In a typical sequence of assembly, the conductor 55 of the power cable 56 is connected with the terminal 58; and the terminal, filler 59, and cable are positioned within the shell 40 of the cap 38, as shown in FIGURE 1. The cable or strap 48 has a clamp collar 50 crimped thereto and is then threaded through the seating element 49, spring 51, plug 41, collar 33 and coupling 30, which at such time may be mounted upon the chuck 25 and secured thereto by the lock nut 31, and the set screws 52 are then tightened at an appropriate location along the strap 48. The plug 41 may then be screwed into the shell 40 to a position against the shoulder 43, at which time the plug will also bear against the filler 59, and the terminal 58 will be in frictional and electrical engagement with the circumjacent surfaces of the bore 45. The collet 21 having been inserted into the casing 15, the chuck 25 is pushed into the passage 17 in the casing and the collar 33 is then screwed into the threaded end portion 34 of v the casing. This latter procedure may be effected by displacing the cap 38 and collar 33 in opposite directions along the strap 48, which will compress the spring 32 and provide suflicient space between the cap and collar to permit the collar to be rotated into the casing. When the collar 33 is properly located the cap is released, whereupon the spring 32 will displace it into firm engagement with the fulcrum 37 and will displace the chuck 25 into its closed position. The handle component 10 is then ready for use, and electrodes 11 are inserted thereinto and removed therefrom simply by deflecting the cap 38 laterally as heretofore explained.
While in the foregoing specification an embodiment of the invention has been set forth in considerable detail for purposes of making an adequate disclosure thereof, it will be apparent to those skilled in the art that numerous changes may be made in such details without departing from the spirit and principles of the invention.
What is claimed is:
1. An electro-surgical handle comprising an electrically insulating, elongated body adapted to be hand-held and being provided with a longitudinally extending passage therethrough open at one end and equipped adjacent its opposite end with a fulcrum, an electrode positioned in said passage, an electrically conductive chuck mounted within said passage and being longitudinally displaceable therealong relative to said body between a closed electrode-gripping position and an open electrode-releasing position, a chuck tightener constrained within said passage against longitudinal displacements therealong and being effective to tighten said chuck about such electrode upon displacement of the chuck into its closed position and to permit the chuck to release such electrode upon displacement of the chuck into its open position, a cap connected with said chuck and being normally seated upon said fulcrum in substantial longitudinal alignment with said body, an electric power cord extending into said cap and having a conductor electrically connected with said chuck through the interior of said body and spring structure mounted within said passage and resiliently biasing said chuck toward the closed position thereof and said cap into alignment with said body in seated engagement with said fulcrum, said cap being angularly displaceable about said fulcrum from such condition of alignment with said body to displace said chuck into the open position thereof against the biasing force of said spring.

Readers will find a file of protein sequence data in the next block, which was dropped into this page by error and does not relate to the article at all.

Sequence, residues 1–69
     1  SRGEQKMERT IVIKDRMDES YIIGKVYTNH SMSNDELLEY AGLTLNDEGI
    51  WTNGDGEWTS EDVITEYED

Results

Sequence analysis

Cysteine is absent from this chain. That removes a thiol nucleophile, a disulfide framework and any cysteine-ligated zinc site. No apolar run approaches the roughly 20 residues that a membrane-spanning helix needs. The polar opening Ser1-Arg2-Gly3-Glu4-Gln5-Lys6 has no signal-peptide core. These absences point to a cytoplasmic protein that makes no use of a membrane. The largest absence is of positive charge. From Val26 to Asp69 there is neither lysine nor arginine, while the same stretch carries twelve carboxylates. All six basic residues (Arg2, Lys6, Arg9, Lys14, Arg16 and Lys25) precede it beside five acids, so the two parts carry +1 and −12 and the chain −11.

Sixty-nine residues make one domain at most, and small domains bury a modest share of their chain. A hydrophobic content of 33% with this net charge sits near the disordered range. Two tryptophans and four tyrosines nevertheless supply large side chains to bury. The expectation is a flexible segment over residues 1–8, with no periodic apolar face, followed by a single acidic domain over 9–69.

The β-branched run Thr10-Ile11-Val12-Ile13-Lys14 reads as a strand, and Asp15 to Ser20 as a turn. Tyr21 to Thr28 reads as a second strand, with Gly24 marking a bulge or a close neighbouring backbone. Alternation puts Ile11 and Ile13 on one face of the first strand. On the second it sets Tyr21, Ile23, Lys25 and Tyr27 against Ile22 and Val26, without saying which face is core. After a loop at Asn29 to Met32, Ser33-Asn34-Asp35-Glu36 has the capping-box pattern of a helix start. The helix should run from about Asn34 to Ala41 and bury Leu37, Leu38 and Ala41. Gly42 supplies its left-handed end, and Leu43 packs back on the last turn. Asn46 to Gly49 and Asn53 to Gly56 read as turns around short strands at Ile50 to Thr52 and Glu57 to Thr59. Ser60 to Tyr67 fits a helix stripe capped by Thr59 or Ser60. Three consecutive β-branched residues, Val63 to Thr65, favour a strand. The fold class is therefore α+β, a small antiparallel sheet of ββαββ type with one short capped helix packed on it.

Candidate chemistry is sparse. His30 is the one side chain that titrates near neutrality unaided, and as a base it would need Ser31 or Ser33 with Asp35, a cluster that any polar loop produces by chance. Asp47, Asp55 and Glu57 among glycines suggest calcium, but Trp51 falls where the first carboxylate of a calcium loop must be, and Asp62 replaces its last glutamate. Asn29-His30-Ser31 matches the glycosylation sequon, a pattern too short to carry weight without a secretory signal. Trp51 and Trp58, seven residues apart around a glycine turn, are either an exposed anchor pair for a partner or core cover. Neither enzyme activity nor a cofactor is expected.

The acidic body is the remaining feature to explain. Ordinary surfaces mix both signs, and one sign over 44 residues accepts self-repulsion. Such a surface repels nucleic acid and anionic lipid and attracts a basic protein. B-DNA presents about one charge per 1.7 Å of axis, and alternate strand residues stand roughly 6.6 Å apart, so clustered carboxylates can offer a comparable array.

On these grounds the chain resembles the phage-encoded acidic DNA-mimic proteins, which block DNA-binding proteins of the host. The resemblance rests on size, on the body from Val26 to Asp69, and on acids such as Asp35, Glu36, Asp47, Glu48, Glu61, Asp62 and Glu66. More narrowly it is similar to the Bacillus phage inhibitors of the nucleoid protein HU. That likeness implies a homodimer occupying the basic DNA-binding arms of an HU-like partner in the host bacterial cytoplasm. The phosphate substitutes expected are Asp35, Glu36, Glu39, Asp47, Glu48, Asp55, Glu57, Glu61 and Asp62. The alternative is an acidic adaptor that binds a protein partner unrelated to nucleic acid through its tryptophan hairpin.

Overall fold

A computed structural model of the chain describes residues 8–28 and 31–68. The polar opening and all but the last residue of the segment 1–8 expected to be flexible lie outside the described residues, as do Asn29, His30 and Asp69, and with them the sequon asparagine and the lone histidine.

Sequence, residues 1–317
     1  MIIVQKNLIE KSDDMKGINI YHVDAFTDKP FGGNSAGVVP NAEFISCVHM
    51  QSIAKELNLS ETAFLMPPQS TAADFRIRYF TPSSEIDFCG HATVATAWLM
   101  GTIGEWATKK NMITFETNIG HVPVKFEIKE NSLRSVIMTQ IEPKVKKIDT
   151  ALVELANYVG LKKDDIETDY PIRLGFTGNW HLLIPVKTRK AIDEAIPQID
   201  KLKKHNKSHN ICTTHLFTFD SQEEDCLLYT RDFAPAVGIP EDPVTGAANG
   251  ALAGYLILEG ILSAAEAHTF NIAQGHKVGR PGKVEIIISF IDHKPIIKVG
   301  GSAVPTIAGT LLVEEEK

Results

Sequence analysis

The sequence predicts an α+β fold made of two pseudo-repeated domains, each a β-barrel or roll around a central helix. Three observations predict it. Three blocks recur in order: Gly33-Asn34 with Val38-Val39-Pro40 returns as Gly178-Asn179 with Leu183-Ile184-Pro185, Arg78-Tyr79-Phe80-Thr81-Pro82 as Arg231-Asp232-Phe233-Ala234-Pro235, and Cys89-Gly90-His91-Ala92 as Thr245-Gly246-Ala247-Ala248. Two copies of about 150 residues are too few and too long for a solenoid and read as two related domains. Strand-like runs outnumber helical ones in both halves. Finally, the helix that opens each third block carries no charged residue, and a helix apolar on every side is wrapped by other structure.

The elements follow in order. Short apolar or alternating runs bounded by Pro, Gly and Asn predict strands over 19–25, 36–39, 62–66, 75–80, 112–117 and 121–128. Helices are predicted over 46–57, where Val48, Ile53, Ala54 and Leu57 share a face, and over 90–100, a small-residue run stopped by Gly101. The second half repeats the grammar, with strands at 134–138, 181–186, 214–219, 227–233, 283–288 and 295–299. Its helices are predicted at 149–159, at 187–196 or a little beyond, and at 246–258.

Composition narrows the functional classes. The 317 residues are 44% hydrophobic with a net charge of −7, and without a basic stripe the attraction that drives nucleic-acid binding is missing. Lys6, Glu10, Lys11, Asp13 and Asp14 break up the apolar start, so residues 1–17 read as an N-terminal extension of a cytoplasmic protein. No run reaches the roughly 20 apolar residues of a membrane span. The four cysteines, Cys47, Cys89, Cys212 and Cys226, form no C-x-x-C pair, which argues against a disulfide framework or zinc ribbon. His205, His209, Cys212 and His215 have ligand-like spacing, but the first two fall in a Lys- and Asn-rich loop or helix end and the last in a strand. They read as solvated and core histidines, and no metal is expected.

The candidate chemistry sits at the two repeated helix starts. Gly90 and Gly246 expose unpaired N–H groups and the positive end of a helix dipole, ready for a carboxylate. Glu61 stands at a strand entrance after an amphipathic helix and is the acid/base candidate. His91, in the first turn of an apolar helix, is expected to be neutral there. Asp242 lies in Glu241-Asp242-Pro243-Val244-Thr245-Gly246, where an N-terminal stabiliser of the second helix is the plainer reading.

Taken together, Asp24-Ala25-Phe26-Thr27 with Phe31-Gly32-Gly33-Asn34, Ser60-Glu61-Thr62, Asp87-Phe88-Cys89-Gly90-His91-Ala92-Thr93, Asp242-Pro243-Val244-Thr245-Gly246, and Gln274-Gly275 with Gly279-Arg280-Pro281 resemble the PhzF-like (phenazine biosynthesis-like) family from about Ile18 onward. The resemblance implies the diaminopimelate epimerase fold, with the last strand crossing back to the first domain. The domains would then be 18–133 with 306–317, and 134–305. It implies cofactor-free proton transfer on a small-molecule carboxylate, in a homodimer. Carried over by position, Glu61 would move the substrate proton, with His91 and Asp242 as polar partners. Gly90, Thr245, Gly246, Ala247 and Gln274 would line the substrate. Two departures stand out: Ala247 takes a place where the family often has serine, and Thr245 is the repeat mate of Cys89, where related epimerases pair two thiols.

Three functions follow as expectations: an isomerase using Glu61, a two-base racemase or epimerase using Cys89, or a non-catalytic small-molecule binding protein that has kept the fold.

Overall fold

2. The electro-surgical handle of claim 1 in which said I chuck tightener is a tapered collet coaxially circurnjacent an end portion of said chuck.
3. The electro-surgical handle of claim 1 in which said chuck and cap are spaced apart longitudinally, and further comprising a strap extending between said chuck and cap and being connected with each to define the aforesaid connection therebetween.
4. The electro-surgical handle of claim 3 in which said strap is fixedly secured to said chuck and is slidably related to said cap for movement relative thereto in longitudinal directions, and further comprising spring means interconnecting said cap and strap to afford limited relative movement therebetween in longitudinal directions so as to enable the aforesaid spring structure to displace said chuck into the closed position thereof after said cap is firmly seated upon said fulcrum.
5. The electro-surgical handle of claim 1 in which said fulcrum is perimetrically extending to enable said cap to be angularly displaced with respect thereto in any convenient direction.
6. The electro-surgical handle of claim 1 in which said chuck and cap are spaced apart longitudinally, and further comprising and electrically conductive strap extending between said chuck and cap and being connected with each to define the aforesaid connection therebetween, the conductor of said power cord being electrically connected with said strap.
7. The electro-surgical handle of claim 6 in which said cap is formed of an insulating material, and further comprising an electrically conductive coupling positioned within said cap and interconnecting the conductor of said power cord with said strap.
8. The electro-surgical handle of claim 6 in which said chuck is provided adjacent one end thereof with a plurality of jaw elements engageable with such electrode, and
8 in which said chuck tightener is a tapered collet coaxially circumjacent the jaw-equipped end of said chuck.
9. The electro-surgical handle of claim 8 in which said strap is flexible and is secured to said chuck and is slidably related to said cap for movement relative thereto in longitudinal directions, and further comprising spring means interconnecting said cap and strap to afford limited relative movement therebetween in longitudinal directions so as to enable the aforesaid spring structure to dis place said chuck into the closed position thereof in which said jaw elements tightly grip such electrode after said cap is firmly seated upon said fulcrum.
10. The electro-surgical handle of claim 9 in which said fulcrum is generally annular to enable said cap to be angularly displaced with respect thereto in any convenient direction.
11. The electro-surgical handle of claim 10 in which said cap is formed of an insulating material, and further comprising an electrically-conductive coupling positioned within said cap and through which the conductor of said power cord is connected with said strap.
References Cited UNITED STATES PATENTS 2,555,017 5/ 1951 Tuthill.
2,949,107 8/1960 Ziegler 128-21 3,089,496 5/1963 Degelm-an 128-30314 3,295,514 1/1967 Hein et a1.
RICHARD C. PINKHAM, Primary Examiner R. J. APLEY, Assistant Examiner U.S. Cl. X.R.